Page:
MOVING is underway as Glasgow's new super hospital prepares to open its doors to over 1000 patients.


Four of Glasgow's hospitals are beginning the process of closing as they prepare to move into one of Europe's largest hospital complexes - the new South Glasgow University Hospital- which will begin treating patients from Monday 27 May.

The Southern General, the Victoria Infirmary, Western Infirmary and the Royal Hospital for Sick Children (Yorkhill) will begin transferring around 1000 patients to the new £842m hospital while continuing to treat emergency cases.

As Scotland's largest health board with 1109 beds and around 10,000 staff, NHS Greater Glasgow and Clyde has been carefully planning the big move for months.

An extra 410 nursing shifts have been scheduled, along with 100 extra portering and domestic staff shifts for the move period which will run until 14 June when the outpatient services at the Royal Hospital for Sick Children is the last to close.

The operation is so far running smoothly for NHS Greater Glasgow and Clyde. A spokeswoman said: "...................................................."

The A&E at the new hospital is expected to begin operating on 2 May as the other hospitals begin a staggered closing process of their departments and A&E services.

Accident and emergency departments will continue seeing patients until 8am on the day of their scheduled closure. A&E at the Southern General will be the first to when it begins transferring patients on 2 May with theVictoria Infirmary A&E following suit on 16 May. The Western Infirmary A&E will close on 30 May and Royal Hospital for Sick Children (Yorkhill) will close on 10 June.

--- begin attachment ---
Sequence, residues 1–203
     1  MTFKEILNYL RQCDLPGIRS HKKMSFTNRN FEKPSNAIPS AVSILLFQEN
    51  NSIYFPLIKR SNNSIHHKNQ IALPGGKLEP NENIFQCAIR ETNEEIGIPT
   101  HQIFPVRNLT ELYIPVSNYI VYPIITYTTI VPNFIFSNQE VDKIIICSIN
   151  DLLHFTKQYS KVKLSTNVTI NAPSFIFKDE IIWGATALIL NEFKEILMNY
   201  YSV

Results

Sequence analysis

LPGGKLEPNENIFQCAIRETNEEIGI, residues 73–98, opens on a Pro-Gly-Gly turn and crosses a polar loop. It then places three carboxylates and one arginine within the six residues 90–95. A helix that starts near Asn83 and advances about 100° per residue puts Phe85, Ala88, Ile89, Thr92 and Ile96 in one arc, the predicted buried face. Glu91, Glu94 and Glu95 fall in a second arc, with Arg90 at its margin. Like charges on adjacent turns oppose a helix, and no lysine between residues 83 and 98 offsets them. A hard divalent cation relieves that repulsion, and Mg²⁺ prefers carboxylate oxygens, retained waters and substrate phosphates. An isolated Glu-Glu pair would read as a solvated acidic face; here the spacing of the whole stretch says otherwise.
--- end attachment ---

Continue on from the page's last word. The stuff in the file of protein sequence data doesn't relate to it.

Once the doors have closed, patients who turn up in the wrong place will be greeted with a sign advising them where to go for treatment.

A total of 561,000 leaflets giving people advanced warning about the new arrangements are being delivered to every household in the NHS GGC region.

Patients who are being looked after on the wards when a hospital is shutting will be shuttled to the new SGUH by the ambulance patient transport service.

The Scottish Ambulance Service (SAS) is providing a fleet of 16 vehicles dedicated to moving patients, leaving the usual 999 response team intact.

A spokesman for the Scottish Ambulance Service said: "A team of dedicated staff and vehicles has been established, and they will operate from a separate deployment centre in Glasgow, managed by a dedicated control centre in Paisley.

"This means normal ambulance cover will be unaffected, responding to 999 demand as usual. The move vehicles are not being taken from existing cover but will come from those due to be decommissioned as well as new vehicles that will be used before they are due to replace existing resources."